Update 10/10/12: A 70-year old man died in July, before the discovery of the contaminated steroid medication produced by New England Compounding Center, the Florida Department of Health reported. There are now six total cases in Florida, all in Marion County, officials said. More than 100 cases have been reported nationally, with about a dozen deaths. Gov. Rick Scott said earlier Tuesday that authorities had contacted nearly 700 of the 1,185 patients linked to facilities that got tainted medicine in Marion, Miami-Dade, Orange and Escambia counties. Health officials don’t know how many of the steroid shots have been contaminated with meningitis-causing fungus tied to the outbreak, according to the Associated Press. Investigators have said as many as 13,000 people may have received tainted shots, and about 17,700 single-dose vials sent to 23 states have been recalled. Read More at Jacksonville.com
10/8/12: There are at least five people dead and over 100 sick in five states, which includes Florida, with fungal meningitis. The meningitis has been directly linked to steroid shots for back pain. The Centers for Disease Control and Prevention (CDC) released a new update Monday afternoon saying as many as 13,000 people in the country may have been exposed to the contaminated steroids, Reuters reported.
Meningitis is inflammation of the protective membranes covering the brain and spinal cord. Symptoms include headache and neck stiffness associated with fever, confusion or alter consciousness, and vomiting. Sometimes, especially in small children, only nonspecific symptoms may be present, such as irritability and drowsiness.Fungal meningitis is not contagious.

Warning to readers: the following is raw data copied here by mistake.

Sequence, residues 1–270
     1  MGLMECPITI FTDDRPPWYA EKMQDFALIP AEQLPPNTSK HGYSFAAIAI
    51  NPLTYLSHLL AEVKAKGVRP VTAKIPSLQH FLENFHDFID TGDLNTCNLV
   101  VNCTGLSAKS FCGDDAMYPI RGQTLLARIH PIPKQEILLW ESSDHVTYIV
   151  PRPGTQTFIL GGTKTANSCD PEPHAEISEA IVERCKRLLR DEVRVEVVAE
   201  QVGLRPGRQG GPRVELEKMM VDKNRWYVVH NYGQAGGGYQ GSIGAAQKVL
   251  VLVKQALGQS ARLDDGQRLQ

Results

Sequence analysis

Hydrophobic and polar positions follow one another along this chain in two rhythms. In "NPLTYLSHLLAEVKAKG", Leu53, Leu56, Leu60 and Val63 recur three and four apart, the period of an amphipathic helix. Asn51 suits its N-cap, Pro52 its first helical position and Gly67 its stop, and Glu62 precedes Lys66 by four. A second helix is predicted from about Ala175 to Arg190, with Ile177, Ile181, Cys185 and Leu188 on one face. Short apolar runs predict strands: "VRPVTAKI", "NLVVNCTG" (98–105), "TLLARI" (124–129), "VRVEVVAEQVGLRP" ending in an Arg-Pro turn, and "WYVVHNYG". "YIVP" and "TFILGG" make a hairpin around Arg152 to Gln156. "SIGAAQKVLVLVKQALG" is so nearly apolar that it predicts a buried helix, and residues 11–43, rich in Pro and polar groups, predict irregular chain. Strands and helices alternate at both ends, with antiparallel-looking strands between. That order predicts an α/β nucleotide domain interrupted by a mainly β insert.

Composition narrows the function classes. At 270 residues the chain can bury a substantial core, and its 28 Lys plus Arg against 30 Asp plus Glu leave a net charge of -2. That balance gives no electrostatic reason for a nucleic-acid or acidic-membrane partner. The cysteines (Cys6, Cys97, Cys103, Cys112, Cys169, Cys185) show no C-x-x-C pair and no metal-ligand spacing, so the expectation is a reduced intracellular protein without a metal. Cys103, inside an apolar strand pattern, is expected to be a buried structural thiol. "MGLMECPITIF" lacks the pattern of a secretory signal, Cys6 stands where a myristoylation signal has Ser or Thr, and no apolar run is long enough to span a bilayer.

The steroid drug was made by New England Compounding Center, a compounding pharmacy, in Massachusetts that issued a recall last week and has shut down operations. The deadly outbreak has raised questions about the safety of compounding pharmacies which have little federal oversight. These pharmacies mix solutions, creams and other medicines used to treat everything from menopause symptoms and back pain to vision loss and cancer. Unlike manufactured drugs, these products are not subject to approval by the Food and Drug Administration.
Currently the CDC is investigating the multi-state outbreak. It is recommended that clinicians should actively contact patients who have received medicines associated with three lots of preservative-free methylprednisolone acetate (80mg/ml) recalled on September 26, 2012. The potentially contaminated injections were given starting May 21, 2012.
Obviously something egregious must have been going on at the New England Compounding Center,” said Dr. William Schaffner, president of the National Foundation for Infectious Diseases and chairman of preventive medicine at Vanderbilt University Medical Center in Nashville, Tenn. “The breaches in good manufacturing practice and infection control must have been substantial in order for something like that to occur.”
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